Breaking Bad's Anna Gunn: "I Wouldn't Underestimate" Skyler
For most of Breaking Bad's fifth season, Skyler White has been paralyzed by depression and fear. But that may soon change.
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Ever since Walter (Bryan Cranston) killed meth kingpin Gustavo Fring (Giancarlo Esposito), Skyler (Anna Gunn) has been walking on eggshells around her increasingly sociopathic husband. But recently, she's been on a one-woman mission to keep the kids away from Walt, the one battle she has thus far been able to win.
"There is a part of her that's being galvanized," Gunn tells TVGuide.com. "The fact that she was successful at getting the kids out of the house... does sort of give her a little more strength. But again she is dealing with a man that's [unpredictable], so she's still in a huge state of fear and uncertainty. But I think she's somebody who doesn't give up. That's the thing about Skyler: It's very possible that she will continue to try to do whatever she can."
That, of course, begs the question: Why hasn't Skyler turned on Walt and given him up to her DEA agent brother-in-law Hank (Dean Norris)? Gunn logically argues that Skyler's complicity in Walt's schemes — she manages a car wash that also launders Walt's dirty drug money — could backfire and land her in jail right alongside Walt. "She's in it so deep ... and I think she's so afraid of the kids not having even a single parent. It's just the fear of the unknown," Gunn says.
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However, the actress, who was recently nominated for an Emmy for her work during the show's fourth season, admits there may be other reasons Skyler continues to protect Walt from the authorities. "It's got something to do with her connection to Walt," she says. "Perhaps it's the romantic in me as a person that feels like there is some abiding love down deep there. I think that one of the things that made Walt and Skyler fall in love in the first place is the fact that their minds are both so keen and so sharp and their intellect is really on par. They really found a partner in terms of the brilliance of both of their minds."
But Gunn also suggests that Skyler and Walt share the ability to transform. While Walt has slowly turned into his alter ego Heisenberg , Gunn says Skyler has developed her own sort of damning qualities. "The things that have been revealed about her character and her personality have been complete surprises to her along this journey," Gunn says. "She's such an adept liar. I think it surprises her that her mind works in that way so quickly. So, I think she's capable of anything in the same way that Walt became capable of things that he probably couldn't never in a million years have imagined. There's a really similar quality to his transformation into the Heisenberg and her transformation into what she's becoming."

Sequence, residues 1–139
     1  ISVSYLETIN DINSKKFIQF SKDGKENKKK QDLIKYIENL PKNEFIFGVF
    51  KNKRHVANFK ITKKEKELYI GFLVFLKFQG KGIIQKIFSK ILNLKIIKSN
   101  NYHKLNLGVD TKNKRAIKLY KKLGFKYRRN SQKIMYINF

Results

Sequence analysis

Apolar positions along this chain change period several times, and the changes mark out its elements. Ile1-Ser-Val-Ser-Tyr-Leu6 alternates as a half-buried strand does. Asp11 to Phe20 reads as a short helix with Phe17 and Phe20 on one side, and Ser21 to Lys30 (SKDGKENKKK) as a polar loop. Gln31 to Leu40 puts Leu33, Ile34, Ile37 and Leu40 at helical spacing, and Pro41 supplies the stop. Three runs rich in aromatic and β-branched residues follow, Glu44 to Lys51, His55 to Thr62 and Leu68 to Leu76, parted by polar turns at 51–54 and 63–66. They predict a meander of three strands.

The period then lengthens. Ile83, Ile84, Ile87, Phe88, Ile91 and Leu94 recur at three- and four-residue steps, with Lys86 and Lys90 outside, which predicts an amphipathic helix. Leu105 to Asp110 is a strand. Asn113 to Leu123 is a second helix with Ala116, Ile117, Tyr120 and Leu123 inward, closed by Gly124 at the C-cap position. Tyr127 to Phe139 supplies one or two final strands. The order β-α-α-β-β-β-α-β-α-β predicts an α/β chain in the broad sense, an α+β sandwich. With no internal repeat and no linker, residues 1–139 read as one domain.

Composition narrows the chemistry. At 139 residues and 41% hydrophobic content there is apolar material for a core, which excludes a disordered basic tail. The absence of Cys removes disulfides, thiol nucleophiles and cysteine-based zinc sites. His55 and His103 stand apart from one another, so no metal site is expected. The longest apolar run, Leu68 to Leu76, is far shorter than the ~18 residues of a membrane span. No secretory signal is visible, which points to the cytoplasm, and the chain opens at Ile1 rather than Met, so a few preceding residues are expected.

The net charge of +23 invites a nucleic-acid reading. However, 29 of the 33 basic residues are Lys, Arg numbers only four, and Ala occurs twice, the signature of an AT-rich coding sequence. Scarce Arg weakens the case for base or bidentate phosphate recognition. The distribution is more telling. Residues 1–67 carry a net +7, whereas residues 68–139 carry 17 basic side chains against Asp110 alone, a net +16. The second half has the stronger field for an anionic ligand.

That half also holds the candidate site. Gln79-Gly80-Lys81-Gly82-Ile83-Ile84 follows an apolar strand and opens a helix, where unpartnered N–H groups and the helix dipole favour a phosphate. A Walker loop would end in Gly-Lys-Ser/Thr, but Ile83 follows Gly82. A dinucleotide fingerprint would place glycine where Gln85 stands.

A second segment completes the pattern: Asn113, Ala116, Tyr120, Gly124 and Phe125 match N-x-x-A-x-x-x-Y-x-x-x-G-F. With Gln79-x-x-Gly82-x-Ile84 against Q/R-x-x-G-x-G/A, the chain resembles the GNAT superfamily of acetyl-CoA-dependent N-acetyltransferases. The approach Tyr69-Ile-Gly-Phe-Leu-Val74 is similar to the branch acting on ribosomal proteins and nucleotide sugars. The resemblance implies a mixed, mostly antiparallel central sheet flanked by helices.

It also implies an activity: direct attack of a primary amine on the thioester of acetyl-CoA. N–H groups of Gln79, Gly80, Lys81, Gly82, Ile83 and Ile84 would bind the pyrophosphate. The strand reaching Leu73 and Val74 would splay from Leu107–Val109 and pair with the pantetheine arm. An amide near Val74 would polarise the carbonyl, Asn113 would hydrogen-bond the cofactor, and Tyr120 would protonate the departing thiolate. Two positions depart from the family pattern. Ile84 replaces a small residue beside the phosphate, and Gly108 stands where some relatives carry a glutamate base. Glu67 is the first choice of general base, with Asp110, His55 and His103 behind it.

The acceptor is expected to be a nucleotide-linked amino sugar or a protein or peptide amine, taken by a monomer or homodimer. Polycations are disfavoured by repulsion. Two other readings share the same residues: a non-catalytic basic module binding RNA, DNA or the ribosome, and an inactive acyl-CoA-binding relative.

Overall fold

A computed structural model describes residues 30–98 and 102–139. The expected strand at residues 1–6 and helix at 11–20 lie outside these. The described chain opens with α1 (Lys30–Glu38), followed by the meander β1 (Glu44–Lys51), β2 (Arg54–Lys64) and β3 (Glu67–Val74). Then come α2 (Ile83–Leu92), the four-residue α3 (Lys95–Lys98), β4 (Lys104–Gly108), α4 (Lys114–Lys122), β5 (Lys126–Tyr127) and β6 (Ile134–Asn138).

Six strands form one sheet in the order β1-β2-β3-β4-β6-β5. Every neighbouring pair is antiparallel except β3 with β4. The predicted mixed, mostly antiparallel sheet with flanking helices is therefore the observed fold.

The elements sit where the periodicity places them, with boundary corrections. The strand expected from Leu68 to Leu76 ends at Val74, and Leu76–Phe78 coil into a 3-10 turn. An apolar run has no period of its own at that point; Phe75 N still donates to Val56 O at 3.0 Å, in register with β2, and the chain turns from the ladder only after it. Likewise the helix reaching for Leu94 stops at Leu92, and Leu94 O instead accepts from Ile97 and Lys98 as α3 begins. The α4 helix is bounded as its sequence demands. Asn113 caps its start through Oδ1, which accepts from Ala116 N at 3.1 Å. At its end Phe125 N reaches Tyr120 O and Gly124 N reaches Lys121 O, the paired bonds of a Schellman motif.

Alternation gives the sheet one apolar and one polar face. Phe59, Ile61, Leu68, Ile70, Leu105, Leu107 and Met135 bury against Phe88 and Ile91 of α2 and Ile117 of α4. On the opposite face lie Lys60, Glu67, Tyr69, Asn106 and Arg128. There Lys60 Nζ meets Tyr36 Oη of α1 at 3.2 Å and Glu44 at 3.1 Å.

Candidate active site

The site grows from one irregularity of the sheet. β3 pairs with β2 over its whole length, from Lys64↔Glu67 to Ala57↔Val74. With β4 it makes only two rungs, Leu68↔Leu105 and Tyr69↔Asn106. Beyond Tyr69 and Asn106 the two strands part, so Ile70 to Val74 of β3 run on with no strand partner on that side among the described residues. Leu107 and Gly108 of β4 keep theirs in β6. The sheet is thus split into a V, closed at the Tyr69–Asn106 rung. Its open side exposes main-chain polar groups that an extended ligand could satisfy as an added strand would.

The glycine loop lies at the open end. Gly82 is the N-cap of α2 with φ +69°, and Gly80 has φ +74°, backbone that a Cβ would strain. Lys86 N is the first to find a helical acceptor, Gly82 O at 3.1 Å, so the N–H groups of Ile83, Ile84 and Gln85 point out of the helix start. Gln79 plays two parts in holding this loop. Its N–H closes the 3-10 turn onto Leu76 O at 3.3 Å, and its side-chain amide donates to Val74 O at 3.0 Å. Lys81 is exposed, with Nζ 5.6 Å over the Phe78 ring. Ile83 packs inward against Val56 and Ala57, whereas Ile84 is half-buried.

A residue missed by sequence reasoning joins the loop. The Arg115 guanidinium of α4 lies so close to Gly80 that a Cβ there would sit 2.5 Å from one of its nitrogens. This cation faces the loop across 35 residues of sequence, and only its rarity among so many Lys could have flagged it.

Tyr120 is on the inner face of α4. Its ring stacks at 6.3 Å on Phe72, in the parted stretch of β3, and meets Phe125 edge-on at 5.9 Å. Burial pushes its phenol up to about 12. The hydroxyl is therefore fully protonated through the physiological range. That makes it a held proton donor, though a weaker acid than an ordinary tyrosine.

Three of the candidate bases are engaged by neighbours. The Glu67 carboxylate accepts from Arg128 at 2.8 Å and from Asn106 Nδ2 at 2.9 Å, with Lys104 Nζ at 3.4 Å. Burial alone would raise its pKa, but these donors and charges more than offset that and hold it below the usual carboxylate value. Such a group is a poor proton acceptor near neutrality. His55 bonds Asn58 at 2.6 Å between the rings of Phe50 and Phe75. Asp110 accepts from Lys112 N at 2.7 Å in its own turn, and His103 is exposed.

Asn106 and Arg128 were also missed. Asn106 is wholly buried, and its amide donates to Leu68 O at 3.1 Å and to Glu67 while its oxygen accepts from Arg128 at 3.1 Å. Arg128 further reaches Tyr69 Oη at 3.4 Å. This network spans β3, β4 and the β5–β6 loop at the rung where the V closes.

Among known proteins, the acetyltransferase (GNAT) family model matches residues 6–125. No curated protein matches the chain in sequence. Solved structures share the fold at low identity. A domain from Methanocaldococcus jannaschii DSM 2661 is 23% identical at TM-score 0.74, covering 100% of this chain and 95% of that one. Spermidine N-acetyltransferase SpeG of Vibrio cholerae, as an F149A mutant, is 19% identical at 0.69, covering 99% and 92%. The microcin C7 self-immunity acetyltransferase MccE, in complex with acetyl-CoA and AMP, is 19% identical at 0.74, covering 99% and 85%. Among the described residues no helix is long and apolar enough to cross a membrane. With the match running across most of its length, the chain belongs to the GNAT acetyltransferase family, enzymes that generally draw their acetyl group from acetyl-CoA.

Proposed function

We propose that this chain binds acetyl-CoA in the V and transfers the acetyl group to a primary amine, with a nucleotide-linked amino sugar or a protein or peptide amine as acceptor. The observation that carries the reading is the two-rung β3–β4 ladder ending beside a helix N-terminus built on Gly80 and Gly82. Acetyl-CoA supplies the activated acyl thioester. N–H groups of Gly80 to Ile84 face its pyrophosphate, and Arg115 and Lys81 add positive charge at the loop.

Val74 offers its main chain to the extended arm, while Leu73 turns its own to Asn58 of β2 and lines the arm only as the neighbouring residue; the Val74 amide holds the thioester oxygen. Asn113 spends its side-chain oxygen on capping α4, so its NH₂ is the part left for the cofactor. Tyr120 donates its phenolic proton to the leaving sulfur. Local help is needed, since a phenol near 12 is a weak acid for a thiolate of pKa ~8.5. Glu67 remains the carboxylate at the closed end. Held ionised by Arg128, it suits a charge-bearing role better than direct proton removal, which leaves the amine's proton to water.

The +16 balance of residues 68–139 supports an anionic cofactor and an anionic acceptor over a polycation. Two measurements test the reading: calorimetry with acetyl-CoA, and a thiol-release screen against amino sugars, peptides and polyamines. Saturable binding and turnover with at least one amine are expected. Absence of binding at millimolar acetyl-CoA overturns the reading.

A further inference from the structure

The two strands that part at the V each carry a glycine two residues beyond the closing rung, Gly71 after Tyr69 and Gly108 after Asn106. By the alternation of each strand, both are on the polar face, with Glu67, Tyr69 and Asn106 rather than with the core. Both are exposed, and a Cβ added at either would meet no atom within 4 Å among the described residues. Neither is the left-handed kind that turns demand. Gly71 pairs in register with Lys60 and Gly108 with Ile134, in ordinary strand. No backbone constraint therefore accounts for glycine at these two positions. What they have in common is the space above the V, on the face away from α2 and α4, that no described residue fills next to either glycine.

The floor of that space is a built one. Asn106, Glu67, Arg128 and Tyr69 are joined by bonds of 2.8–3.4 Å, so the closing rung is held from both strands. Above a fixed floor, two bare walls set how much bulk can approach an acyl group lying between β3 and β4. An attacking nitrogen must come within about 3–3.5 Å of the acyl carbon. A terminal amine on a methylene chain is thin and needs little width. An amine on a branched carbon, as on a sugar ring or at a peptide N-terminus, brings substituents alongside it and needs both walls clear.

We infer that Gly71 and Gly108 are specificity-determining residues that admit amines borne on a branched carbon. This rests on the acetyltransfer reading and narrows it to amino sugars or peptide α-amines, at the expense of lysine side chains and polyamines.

Gunn says the completion of her transformation perhaps began when she first told Walt that she's simply just waiting for the moment his cancer comes back and kills him. "I don't think it came from a spiteful place," she says. "She honestly believes that there's no other choice and that there's no other way out. It's such a chilling thing to say, but she's been pushed so far into the corner by him. It's like an animal backed into the corner — they lash out in that way."
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And Gunn predicts that Skyler will continue to lash out. During a moment of weakness in last week's episode, when Skyler seemed on the verge of finally confessing all of her secrets to her sister Marie (Betsy Brandt), Skyler learned that Walt had told Marie about Skyler's affair with her former boss Ted Beneke (Christopher Cousins).
"She was as close as she's ever come to confessing," Gunn says. "It's like a pot that's been boiling for a long time with the lid on way too tight. She's so sick of lying and she just wants the relief. If Marie hadn't said something, she may have given it up. [But] she's just enraged and she's just fully indignant at that moment."
Cue the most awkward dinner scene ever, during which Walt invited Jesse (Aaron Paul), his partner in meth-making, over for dinner for the first time. Although Jesse was hilariously uncomfortable, Gunn says that scene is all about the embattled spouses.
"[Skyler and Walt] keep one-upping each other," Gunn says. "She got the kids out of the house, but then Walt kind of hit back. I think she starts to get past her fear at that point and I think it starts to [have] more of an attitude of, 'Go ahead; bring it.' It's almost like they're playing chess with each other across that table and poor Jesse is the guy stuck in the middle wishing he were anywhere else in the world except sitting at that table. It really felt to me that it was a silent game."
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Of course, the last time Walt was in a metaphorical chess match with an opponent, he won. (RIP, Gus!) So how does Gunn feel about her character's chances? "It sort of terrifies me," she says with a laugh. "I really feel a little trepidatious every time I get a script because anybody could get it next. ... She absolutely thinks he could hurt her. It's like being put into a pen with a wild animal and you don't know what they're going to do. It's a wild card now."
But don't automatically count Skyler out. "Skyler is a strong, steely woman, and I wouldn't underestimate her," Gunn says. "She's moving into a much stronger place emotionally, and she's calculating the next move. She is determined like a fierce mother lion to, by any means, protect those kids."
Like, maybe killing Walt herself? "It's been just an unthinkable thing for her to do," Gunn says. "But I imagine that if she gets backed further into the corner, anything is possible."
Breaking Bad airs Sundays at 10/9c on AMC.